A pro’s guide to freeriding in Fieberbrunn

Nadine Wallner explores Fieberbrunn with Matthias Haunholder. Here are her tips.
Pro rider and Fieberbrunn local Mathias Haunholder in his element.
Mathias Haunholder in his element © Ulrich Grill
By Andi Spies

Freeriding pro Nadine Wallner met fellow pro Matthias Haunholder at his home mountain. What could be better than letting a local show you the spots? This way she could enjoy little-known lines and was accompanied by a rider who could perfectly judge the conditions. We talked to Nadine after a brilliant day in the backcountry.

What are the best routes in Fieberbrunn?
Matthias showed me his favourite spot, the Pletzer Graben. It’s a freeride tour with little climbing and a high likelihood for pristine lines. Getting from the Fieberbrunn ski region to the Pletzer Graben is easy. You only have to climb for about 15 minutes to reach the starting point.

The descent offers everything – from nice cruiser runs and fresh tree runs to challenging long lines. At the bottom of the hill you take a cat-track alongside a small river to a parking area and then just take a cab back to the ski region. The difference in elevation is 1,100m, so if there’s a danger of avalanches it’s a no-no area.

Overview of Fieberbrunn's ski lifts and runs
Overview of the whole area © Fieberbrunn

What’s the name of the contest face of the Freeride World Tour in Fieberbrunn and how do you get there?
The FWT contest face is called Wildseeloder Nordflanke. You take the Seehäusl route from the ski region to the starting point of the ascent. Then it takes about 45 minutes to climb up to the top of the Wildseeloder. You really need to be sure-footed, because it leads over a dangerous ridge. If you’re at the top you need to sign in to the summit log before you can enjoy the descent.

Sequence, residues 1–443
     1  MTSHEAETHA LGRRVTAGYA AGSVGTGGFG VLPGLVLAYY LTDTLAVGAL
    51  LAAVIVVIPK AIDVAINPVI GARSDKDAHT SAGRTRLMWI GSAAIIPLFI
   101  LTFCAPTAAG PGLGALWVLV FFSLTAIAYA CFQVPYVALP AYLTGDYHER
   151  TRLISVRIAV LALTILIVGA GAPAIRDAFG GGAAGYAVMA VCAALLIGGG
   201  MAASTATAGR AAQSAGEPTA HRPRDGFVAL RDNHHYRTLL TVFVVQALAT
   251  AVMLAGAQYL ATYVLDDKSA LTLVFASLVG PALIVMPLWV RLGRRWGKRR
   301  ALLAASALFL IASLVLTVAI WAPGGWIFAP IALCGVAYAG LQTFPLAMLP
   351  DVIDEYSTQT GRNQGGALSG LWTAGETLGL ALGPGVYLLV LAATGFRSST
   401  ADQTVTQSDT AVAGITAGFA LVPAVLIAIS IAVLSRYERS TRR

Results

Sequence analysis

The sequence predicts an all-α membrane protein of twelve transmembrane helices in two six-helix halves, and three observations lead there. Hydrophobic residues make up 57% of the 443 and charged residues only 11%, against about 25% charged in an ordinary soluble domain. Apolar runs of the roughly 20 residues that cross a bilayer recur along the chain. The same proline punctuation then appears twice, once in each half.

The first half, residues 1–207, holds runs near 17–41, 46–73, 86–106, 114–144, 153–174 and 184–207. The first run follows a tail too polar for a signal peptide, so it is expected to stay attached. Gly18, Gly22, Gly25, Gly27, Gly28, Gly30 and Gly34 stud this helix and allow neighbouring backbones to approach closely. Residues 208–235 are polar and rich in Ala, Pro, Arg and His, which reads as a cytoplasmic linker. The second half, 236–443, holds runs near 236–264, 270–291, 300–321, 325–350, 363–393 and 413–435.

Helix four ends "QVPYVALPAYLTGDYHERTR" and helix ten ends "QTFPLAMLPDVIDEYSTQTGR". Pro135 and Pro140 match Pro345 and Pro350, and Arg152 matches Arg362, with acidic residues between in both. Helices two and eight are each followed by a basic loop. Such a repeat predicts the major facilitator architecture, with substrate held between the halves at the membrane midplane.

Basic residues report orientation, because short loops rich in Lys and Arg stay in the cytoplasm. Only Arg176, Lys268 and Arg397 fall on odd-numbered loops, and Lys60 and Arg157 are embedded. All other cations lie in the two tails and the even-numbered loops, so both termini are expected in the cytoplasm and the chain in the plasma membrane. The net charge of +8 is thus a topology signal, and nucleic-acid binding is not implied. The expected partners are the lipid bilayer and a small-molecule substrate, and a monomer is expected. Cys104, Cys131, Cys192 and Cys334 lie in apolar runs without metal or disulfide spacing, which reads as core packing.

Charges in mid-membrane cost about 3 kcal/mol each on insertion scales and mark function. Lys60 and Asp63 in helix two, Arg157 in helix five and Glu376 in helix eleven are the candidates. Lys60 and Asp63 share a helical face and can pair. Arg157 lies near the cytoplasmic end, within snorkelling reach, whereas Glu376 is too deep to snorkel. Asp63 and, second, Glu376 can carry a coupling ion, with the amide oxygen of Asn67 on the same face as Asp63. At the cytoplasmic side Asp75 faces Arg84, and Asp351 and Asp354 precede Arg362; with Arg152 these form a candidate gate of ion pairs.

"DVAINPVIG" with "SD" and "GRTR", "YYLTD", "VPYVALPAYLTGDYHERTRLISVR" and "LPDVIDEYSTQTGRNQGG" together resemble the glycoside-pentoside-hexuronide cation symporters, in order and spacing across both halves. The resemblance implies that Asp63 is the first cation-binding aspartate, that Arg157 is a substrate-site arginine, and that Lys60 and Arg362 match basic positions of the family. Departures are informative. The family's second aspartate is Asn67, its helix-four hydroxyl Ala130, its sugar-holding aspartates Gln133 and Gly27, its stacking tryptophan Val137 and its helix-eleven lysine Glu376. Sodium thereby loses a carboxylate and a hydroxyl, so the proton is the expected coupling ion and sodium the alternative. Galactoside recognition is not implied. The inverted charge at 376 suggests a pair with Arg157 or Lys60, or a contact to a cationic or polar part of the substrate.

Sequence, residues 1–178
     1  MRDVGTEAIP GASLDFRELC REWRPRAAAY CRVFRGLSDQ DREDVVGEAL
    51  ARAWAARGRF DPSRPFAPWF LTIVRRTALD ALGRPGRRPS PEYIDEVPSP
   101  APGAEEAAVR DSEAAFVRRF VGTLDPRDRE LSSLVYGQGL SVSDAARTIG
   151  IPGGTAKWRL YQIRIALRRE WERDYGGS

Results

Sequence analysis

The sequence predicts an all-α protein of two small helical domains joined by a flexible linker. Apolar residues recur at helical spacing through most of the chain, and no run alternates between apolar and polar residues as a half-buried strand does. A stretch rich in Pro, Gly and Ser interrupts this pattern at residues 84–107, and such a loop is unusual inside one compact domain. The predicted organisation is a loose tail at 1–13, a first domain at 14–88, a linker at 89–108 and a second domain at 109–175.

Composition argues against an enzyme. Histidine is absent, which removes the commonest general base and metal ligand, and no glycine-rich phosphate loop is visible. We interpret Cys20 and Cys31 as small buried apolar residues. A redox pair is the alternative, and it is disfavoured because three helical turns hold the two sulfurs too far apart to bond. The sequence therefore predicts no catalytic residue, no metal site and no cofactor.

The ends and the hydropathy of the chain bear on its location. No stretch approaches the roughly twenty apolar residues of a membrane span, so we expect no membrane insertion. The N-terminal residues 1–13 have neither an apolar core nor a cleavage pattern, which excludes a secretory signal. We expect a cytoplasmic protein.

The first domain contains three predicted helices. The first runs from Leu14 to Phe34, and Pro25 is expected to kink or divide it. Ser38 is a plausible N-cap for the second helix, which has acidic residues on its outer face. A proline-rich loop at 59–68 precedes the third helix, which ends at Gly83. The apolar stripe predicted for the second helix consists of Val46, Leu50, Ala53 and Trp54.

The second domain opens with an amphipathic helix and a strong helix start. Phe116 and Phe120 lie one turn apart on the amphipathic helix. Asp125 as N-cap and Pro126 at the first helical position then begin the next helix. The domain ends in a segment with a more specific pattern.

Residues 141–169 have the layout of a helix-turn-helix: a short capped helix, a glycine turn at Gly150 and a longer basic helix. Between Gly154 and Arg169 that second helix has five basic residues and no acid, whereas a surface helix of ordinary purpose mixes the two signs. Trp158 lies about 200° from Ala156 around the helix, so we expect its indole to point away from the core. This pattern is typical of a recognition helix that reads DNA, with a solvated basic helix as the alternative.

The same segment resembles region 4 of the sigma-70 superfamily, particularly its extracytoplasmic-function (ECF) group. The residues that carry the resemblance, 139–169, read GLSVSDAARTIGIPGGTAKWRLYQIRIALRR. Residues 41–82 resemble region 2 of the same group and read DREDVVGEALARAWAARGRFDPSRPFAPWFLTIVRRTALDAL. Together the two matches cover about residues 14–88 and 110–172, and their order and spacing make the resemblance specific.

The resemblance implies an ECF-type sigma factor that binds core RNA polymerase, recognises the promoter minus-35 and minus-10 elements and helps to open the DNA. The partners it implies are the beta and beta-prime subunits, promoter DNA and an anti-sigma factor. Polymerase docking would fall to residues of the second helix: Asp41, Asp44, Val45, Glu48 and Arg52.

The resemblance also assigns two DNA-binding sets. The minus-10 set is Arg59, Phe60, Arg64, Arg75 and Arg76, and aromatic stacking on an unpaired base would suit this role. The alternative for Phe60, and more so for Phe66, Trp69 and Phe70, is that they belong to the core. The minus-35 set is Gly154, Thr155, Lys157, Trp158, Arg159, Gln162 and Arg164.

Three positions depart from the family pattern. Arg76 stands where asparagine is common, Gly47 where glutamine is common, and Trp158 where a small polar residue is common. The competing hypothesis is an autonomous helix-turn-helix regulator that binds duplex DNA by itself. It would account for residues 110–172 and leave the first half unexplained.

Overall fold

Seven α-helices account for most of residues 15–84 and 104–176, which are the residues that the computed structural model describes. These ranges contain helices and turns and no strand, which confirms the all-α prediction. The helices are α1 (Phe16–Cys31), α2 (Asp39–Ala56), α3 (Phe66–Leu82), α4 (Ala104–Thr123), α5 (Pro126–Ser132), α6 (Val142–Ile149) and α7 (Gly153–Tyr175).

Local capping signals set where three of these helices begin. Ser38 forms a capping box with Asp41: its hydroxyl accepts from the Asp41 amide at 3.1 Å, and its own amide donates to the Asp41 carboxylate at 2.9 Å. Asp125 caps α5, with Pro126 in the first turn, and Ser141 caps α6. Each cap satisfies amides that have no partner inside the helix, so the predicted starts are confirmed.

Sounds great. Which lines can you take there and what do you have to pay attention to?
It’s extremely important to take a good look at the lines at the Wildseeloder, because in this difficult terrain it is easy to take a wrong turn. Then you’re at risk of falling down, because there are a lot of high cliffs. The difference in elevation for this run is at 600 verticals metres.

What does a contest at Fieberbrunn look like? See for yourself and watch the highlights clip of the FWT Fieberbrunn 2013:

© David Carlier/Freeride World Tour/Red Bull Content Pool

Did you go on runs that you can reach with the lift and without climbing aids?
Of course, Matthias also knows Fieberbrunn runs that are easily reached like the north side of the Rabenkopf. You can reach it with the lift and you find steep runs, often with good snow conditions.

What is the best place for a short stop on the mountain?
I can recommend the Steubödenalm at the mid-station, but also the Wildalpgatterl at the exit of the Jägersteig – it offers great culinary treats.

And where do you end a long powder day?
At the S4 Alm next to the valley station.

Are there some nice bars in Fieberbrunn where you can go to party a little bit?
The opening hours of the D und D in the town centre are long enough to have some fun there.

Any shops that sell freeride equipment and offer good service in town?
The Sportshop Widmann and the S4 Snowsports provide a really good service and also offer good freeride equipment.

Can you recommend some experienced guides for people who want to do some tours?
Freeride Base and S4 Snowsports have good local guides that know all the best spots of the region. I’m sticking with my buddy Matthias, though!

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Nadine Wallner
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